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My Advice to Anyone Who Has a Loved One With Autoimmune Disease

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Autoimmune diseases are no picnic. I have watched someone I dearly love go through so much because of discoid lupus. Skin lupus. A disease that has reared its ugly head more than once and changed my mother’s world completely.

When I first started college, my mother’s skin began to turn beet red; itchiness began to be an issue, and mysterious lung ailments that dangerously lowered her oxygen level began to make themselves known. The doctors could provide no answers other than psoriasis. The lungs always looked perfect on x-rays. However, it was much later that we realized something more serious was upon us. The summer of 2014 was particularly terrifying for my mother; her health had been declining and these round and yellowish white dotted lesions began to appear on her body; itching became unbearable for her; the beet red skin had morphed into blotchy, purple skin with the texture of leather. The only highlight of that year was my college graduation. Seeing my mother struggle broke my heart.

A dermatologist trip and a biopsy later, she was formally diagnosed with lupus. I cannot imagine what was circling through her mind. I cannot imagine living a completely normal life, and then one day having it turned upside down. Life with cerebral palsy, being “different,” and having to adapt to everything around me is the only life I’ve ever known. Our struggles can’t compare.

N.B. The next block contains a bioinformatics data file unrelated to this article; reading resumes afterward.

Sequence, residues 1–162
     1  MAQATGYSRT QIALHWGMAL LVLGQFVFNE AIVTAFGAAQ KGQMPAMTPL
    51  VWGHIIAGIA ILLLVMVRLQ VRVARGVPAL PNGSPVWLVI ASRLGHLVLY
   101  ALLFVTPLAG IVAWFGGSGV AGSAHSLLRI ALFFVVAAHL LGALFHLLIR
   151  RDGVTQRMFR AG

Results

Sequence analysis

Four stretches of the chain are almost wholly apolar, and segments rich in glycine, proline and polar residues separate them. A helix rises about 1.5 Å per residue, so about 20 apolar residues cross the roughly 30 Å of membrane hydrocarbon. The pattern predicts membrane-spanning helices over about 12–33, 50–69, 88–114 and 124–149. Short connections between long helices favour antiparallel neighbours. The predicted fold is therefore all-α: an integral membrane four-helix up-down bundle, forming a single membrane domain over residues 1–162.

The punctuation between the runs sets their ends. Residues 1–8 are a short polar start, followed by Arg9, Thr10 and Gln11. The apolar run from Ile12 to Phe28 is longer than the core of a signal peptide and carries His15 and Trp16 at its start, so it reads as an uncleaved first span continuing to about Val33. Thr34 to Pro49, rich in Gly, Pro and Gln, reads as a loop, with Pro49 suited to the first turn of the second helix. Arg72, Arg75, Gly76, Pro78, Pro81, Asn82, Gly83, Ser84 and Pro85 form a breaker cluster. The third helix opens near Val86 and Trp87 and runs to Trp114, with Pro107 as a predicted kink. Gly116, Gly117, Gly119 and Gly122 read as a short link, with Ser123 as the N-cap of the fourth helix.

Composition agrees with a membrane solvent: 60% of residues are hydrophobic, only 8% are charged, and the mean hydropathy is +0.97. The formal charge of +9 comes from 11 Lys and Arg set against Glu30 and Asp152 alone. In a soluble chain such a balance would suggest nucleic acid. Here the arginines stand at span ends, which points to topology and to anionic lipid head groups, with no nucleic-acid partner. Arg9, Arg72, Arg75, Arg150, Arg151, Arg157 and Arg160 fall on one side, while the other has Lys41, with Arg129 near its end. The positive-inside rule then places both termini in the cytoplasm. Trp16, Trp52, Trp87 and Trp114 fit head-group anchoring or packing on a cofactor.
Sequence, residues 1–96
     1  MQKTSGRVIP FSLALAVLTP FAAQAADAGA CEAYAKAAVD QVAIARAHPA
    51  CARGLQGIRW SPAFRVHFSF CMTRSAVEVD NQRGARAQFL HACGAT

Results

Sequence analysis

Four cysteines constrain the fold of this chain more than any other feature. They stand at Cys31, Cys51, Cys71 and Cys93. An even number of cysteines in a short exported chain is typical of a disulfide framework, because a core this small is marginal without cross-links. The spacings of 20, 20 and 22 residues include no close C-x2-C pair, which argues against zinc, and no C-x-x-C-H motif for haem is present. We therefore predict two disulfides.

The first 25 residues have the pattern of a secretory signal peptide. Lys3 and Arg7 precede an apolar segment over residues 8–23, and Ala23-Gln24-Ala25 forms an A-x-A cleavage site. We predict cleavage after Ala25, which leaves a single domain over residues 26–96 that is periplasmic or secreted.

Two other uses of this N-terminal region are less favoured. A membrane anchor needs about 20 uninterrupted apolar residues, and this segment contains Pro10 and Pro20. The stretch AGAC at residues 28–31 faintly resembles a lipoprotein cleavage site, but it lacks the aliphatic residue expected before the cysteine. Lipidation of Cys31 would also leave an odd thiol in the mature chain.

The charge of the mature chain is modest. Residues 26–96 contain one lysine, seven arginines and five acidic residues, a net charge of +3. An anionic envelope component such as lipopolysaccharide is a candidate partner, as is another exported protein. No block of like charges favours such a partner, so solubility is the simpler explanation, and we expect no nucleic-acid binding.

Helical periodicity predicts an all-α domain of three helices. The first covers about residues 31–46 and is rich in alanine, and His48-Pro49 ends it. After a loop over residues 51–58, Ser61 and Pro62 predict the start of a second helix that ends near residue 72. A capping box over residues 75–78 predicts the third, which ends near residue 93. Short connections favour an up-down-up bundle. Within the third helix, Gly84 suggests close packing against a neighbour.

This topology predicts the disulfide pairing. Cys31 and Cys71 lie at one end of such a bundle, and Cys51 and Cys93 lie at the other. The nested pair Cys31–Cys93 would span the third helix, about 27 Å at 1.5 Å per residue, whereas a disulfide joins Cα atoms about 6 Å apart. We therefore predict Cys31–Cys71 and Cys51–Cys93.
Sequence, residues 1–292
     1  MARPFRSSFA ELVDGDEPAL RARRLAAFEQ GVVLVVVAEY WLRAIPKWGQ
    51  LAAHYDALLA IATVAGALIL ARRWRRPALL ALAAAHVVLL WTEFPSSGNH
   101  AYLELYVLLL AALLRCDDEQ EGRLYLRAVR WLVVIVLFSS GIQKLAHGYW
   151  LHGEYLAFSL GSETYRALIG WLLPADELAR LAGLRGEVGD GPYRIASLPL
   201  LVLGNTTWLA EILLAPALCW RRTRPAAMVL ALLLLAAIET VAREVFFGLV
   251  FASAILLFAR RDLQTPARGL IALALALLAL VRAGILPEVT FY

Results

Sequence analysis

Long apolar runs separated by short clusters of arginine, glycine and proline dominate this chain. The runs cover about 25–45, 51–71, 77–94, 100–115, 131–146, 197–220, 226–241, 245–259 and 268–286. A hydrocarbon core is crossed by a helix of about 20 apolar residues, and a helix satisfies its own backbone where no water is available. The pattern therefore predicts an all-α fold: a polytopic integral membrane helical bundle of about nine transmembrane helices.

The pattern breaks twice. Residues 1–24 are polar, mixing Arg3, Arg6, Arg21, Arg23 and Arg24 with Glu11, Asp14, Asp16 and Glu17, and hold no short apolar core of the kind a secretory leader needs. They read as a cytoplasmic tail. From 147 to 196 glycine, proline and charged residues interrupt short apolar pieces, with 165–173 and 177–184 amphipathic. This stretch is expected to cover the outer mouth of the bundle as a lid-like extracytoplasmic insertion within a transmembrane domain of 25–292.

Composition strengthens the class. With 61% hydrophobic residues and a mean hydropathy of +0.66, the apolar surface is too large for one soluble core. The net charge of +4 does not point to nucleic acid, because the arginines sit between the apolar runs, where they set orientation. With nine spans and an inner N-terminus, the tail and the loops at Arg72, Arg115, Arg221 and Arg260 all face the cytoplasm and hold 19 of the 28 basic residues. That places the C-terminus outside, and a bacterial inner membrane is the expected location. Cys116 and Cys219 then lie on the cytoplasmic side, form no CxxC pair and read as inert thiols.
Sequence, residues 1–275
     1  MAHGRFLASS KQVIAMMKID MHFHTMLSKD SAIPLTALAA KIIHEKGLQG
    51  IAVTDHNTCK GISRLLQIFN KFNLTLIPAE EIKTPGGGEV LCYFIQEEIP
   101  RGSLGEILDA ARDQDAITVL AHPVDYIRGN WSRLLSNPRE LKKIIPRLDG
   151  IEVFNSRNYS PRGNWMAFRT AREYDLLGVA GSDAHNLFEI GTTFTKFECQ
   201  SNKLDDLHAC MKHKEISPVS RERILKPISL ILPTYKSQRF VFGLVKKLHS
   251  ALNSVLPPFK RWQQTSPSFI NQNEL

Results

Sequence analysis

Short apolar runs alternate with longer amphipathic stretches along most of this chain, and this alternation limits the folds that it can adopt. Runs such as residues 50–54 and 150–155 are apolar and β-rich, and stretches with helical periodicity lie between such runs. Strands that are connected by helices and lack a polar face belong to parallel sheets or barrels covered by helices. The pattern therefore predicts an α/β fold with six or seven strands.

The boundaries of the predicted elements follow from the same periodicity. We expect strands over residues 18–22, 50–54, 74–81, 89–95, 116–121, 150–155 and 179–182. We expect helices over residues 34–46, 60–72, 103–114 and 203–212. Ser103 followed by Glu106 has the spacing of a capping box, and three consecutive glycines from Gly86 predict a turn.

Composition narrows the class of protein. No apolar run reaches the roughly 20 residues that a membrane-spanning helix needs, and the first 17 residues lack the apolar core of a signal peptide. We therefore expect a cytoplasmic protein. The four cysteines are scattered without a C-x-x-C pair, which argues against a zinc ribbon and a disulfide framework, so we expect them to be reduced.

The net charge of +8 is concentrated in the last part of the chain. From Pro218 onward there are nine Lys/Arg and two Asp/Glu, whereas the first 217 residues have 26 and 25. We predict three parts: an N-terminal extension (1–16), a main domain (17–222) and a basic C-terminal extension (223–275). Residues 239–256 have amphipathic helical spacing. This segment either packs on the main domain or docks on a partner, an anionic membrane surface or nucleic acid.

What I would say to a loved one of someone who deals with an autoimmune disease is to not make it about you. Don’t say you understand it. Don’t tell them to “snap out of it.” Don’t complain when you have to be the nurturer. I don’t know what it’s like to have lupus. I don’t understand. My mother doesn’t understand my battles completely, but she loves me and supports me 100 percent. I do just the same for her; we are a team. Our mother-daughter bond is forever. Thanks to medications along with the occasional use of steroid cream, her lupus has gone into a sort of remission. She lost a great deal of her energy and slowly regained it back, and now has to try to avoid direct sunlight as much as she can.

My advice is to pray for your loved one and help them any way you can. I have applied sunscreen to my mother’s hands and arms as she was driving before. Don’t call them lazy. Mom has great days and bad days; that’s just the way it is. The most important thing is for her to have a support system. My biggest heartbreak comes from not being able to protect her from the enemy the sun is to her. My mother has defended and protected me a countless number of times; I want so badly to be able to return the favor. I look at the relationship we have and I see two people who both need and love each other immensely. I love my mom. She is my most treasured blessing. I hope she knows she’ll always have someone to lean on in me.

Originally published: November 11, 2016
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